Today, black metal is a genre which comprises of many a sub-style, from atmospheric to folk, cosmic and beyond – and many bands are content to stick within their four walls. However, sometimes there comes a group who refuse to stick to such genre tropes, and act upon them as more of a challenge to break the box others confine themselves to. Mo'ynoq, with their unforgiving approach, are one such band, displaying contradictory twangs of traditional and progressive black metal. Their upcoming release, Dreaming in a Dead Language, is no exception.
Unafraid to hurl relentless shrieks and a variety of styles towards your ears, Mo'ynoq demonstrate their bountiful musical palette with the opening track, “Empyreal Decay”. The first salvo is a more traditional black metal approach and piercing wails, with a wall of thick riffs immediately hitting, before time signatures abruptly change and Mo'ynoq’s more progressive and avant-garde side rears its head. This track alone demonstrates that the black metal quartet are not just here to offer a violent barrage of typical black metal, they’re here to stalk into a twisted portal of claustrophobia, fear, and violence with unexpected changes in sound at every turn.
These unexpected changes rear their heads across all of the tracks – from the genre-bending “Carve My Name” to the damning piano interlude presented in “Doomed To Endure” halfway through, which allows a breather of sorts from black metal and is more reminiscent of a Fleshgod Apocalypse record. The trio’s painful-sounding vocals throughout the record are an essential component to the madness, highlights of which can be found in “The Collector” and “Witness to the Abyss”. The former track brings the aforementioned feelings of fear to the forefront, aided by tortured low growls and frantic drumming.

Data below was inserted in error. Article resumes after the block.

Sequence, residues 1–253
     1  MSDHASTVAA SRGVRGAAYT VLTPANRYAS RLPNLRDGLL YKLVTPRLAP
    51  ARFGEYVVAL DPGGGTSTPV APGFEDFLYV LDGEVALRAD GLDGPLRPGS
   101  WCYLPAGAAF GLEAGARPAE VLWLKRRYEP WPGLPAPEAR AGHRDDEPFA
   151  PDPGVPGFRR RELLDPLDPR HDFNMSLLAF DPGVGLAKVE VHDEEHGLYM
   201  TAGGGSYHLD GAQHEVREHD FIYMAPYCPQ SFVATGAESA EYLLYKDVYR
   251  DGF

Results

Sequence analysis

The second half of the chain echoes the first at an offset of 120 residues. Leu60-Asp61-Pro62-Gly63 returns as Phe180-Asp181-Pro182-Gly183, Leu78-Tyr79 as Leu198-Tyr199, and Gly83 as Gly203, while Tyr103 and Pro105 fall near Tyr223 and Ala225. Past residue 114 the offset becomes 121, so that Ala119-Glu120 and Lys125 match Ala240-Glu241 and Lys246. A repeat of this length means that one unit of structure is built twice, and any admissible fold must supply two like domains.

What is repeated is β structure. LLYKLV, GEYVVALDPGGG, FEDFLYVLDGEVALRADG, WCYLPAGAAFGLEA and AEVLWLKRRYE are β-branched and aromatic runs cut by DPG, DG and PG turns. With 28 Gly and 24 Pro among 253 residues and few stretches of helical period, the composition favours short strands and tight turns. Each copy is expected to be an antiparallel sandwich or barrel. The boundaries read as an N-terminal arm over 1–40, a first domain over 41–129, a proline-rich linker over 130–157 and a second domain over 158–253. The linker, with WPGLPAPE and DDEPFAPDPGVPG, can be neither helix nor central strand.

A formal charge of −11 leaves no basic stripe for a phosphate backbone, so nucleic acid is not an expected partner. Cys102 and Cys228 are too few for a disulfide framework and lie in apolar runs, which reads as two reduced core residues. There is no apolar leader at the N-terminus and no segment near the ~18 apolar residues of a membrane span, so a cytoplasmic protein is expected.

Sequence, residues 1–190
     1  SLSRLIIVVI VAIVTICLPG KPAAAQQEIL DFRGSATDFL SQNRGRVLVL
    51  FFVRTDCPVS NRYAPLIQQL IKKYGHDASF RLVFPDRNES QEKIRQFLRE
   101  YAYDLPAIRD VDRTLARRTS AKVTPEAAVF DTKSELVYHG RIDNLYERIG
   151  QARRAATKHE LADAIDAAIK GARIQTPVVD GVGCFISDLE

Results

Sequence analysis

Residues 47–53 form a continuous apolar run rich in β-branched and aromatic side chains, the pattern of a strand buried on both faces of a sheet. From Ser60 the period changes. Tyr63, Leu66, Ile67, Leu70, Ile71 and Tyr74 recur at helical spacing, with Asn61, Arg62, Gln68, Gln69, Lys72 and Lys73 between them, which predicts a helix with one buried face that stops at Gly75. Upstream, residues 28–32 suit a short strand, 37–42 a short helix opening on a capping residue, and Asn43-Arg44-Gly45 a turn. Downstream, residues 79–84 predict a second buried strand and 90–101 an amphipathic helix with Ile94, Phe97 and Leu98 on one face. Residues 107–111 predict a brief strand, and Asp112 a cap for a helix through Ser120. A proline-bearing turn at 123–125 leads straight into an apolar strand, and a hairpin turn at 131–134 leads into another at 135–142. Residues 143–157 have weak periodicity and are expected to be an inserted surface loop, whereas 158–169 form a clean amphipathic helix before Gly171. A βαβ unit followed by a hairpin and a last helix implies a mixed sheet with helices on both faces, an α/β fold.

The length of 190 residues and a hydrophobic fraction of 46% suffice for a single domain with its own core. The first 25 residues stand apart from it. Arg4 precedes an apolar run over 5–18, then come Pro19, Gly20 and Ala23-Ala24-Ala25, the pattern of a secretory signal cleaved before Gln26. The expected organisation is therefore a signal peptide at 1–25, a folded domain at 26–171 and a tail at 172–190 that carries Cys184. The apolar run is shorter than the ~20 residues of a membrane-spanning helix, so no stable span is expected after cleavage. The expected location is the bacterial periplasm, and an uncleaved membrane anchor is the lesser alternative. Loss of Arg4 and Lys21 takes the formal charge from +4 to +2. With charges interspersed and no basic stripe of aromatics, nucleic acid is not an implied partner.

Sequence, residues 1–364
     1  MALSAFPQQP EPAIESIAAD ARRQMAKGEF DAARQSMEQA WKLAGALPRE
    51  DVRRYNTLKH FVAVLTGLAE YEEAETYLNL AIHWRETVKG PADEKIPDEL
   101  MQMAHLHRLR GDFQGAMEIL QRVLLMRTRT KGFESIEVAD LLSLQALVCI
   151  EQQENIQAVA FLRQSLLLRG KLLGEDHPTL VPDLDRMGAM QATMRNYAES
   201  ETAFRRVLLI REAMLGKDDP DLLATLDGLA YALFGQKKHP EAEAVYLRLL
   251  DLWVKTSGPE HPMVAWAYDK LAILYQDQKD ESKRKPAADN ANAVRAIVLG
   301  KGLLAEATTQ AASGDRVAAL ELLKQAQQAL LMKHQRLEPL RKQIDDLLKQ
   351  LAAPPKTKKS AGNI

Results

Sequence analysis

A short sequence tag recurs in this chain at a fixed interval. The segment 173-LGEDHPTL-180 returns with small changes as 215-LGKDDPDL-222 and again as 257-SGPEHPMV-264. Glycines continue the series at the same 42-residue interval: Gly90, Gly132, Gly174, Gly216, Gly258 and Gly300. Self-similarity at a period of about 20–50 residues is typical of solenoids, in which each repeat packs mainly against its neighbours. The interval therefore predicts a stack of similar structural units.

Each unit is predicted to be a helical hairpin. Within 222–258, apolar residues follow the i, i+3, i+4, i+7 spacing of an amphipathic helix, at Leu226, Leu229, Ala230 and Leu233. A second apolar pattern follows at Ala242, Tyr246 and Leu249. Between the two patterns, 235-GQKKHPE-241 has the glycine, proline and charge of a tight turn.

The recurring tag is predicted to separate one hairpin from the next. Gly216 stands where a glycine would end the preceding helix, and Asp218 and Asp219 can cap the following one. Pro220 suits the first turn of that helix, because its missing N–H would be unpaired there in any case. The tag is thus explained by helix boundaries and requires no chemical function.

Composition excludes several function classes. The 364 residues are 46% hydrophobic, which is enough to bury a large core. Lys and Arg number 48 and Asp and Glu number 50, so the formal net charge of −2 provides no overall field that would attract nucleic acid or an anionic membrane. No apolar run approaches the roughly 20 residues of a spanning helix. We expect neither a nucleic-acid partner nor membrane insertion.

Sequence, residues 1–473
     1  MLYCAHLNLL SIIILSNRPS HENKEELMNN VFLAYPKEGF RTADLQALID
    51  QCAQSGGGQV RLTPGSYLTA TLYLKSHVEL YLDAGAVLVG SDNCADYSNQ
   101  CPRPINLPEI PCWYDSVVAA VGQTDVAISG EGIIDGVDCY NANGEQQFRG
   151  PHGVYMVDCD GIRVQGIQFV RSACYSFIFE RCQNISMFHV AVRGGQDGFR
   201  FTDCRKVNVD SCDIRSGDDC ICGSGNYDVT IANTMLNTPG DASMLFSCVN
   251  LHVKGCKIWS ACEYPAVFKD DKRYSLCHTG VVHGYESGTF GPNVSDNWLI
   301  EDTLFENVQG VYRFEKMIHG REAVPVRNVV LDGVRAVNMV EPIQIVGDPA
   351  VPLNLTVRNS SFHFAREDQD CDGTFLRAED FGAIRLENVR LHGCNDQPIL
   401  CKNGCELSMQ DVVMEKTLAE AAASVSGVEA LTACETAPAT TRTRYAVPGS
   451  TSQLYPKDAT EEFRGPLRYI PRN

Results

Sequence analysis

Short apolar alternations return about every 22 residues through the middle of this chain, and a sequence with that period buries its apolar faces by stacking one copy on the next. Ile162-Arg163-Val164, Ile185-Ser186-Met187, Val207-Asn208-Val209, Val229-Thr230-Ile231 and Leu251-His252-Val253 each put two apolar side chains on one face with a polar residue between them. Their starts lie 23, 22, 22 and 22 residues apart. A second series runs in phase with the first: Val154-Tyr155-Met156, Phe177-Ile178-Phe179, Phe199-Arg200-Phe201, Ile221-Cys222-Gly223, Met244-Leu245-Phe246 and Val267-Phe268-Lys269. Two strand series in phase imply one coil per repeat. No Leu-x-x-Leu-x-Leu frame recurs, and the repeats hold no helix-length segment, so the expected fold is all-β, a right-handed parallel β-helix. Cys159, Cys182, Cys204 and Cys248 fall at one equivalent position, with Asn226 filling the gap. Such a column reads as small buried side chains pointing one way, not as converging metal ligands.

Tread carefully on “These Once Tranquil Grounds”...
Even though Dreaming in a Dead Language finishes - as it starts – with a more conventional style in “Buried by Regret”, even that is subverted with an uncharacteristically melodic solo to tie the album finale off. What is special about Mo'ynoq is how much attention and time they have clearly invested, out of both passion and professionalism, to deliver a record which exquisitely brings a collective of black metal’s history.
With such diversity and swaying from sound to sound, however, there comes a price. It becomes somewhat difficult to focus on specific aspects of this album, and instead, they blend together to create a wall of sound which dampens its impact. Black metal is by no means easily accessible nor particularly transparent in its styles, but there is a certain amount of structural and stylistic changes one can explore feasibly in order for a track to have a particular “hook”.
Mo'ynoq have pushed the boat out with Dreaming in a Dead Language , but perhaps a little too far in places. While each component of the tracks is solid and impressive, it can get a bit much in some places. One can’t help but feel the album would be a little more digestible if it were to have a more coherent flow or calmer sections to allow time for mental regrouping. However, with each spin of the record, these quirks and initial confusions become clearer and allow you to fully understand what Mo'ynoq have set out to achieve.
Beginning with the single “The Collector”, here’s your chance to stream the full album.
Dreaming in a Dead Languageis a solid record, and a smorgasbord to those accustomed to this kind of black, or generally extreme, metal. For those enthusiasts willing to delve and understand the album’s complexities, there is a well-earned reward at the end. It’s a maze of sound, which only begins to fully make sense and truly showcase the band’s talent with multiple listens. As the group continue to hone their sound, they’re sure to become one to watch.
Dreaming in a Dead Language Track Listing:
01. Empyreal Decay
02. The Collector
03. These Once Tranquil Grounds
04. Doomed to Endure
05. Carve My Name
06. Witness to the Abyss
07. Buried by Regret
Run Time: 36:54 Release Date: January 11, 2019 Record Label: Self-released